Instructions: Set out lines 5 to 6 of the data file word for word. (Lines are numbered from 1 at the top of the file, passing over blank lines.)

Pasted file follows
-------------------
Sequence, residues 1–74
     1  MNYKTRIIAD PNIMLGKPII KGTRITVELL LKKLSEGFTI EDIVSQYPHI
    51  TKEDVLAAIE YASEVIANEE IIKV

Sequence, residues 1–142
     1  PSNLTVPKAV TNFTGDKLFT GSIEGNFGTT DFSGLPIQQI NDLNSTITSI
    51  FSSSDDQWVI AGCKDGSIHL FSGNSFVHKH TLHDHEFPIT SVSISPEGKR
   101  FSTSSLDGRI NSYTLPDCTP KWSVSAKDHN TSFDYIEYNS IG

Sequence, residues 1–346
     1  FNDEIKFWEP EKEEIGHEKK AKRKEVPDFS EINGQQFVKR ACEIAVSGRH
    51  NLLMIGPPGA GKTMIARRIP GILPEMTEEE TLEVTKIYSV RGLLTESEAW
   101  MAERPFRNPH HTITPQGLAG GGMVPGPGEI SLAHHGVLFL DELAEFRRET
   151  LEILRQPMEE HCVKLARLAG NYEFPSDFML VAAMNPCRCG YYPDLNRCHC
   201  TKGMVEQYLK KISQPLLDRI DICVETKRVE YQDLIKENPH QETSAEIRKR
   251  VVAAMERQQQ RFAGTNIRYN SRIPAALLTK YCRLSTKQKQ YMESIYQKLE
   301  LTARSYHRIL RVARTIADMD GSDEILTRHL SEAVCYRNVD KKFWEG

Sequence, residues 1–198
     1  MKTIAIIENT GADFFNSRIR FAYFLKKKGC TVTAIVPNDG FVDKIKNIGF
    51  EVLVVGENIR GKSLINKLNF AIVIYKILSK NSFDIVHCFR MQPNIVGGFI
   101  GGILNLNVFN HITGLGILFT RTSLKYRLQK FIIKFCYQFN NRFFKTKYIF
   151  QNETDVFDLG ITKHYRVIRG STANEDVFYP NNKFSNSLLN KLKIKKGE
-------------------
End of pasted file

     1  PSNLTVPKAV TNFTGDKLFT GSIEGNFGTT DFSGLPIQQI NDLNSTITSI
    51  FSSSDDQWVI AGCKDGSIHL FSGNSFVHKH TLHDHEFPIT SVSISPEGKR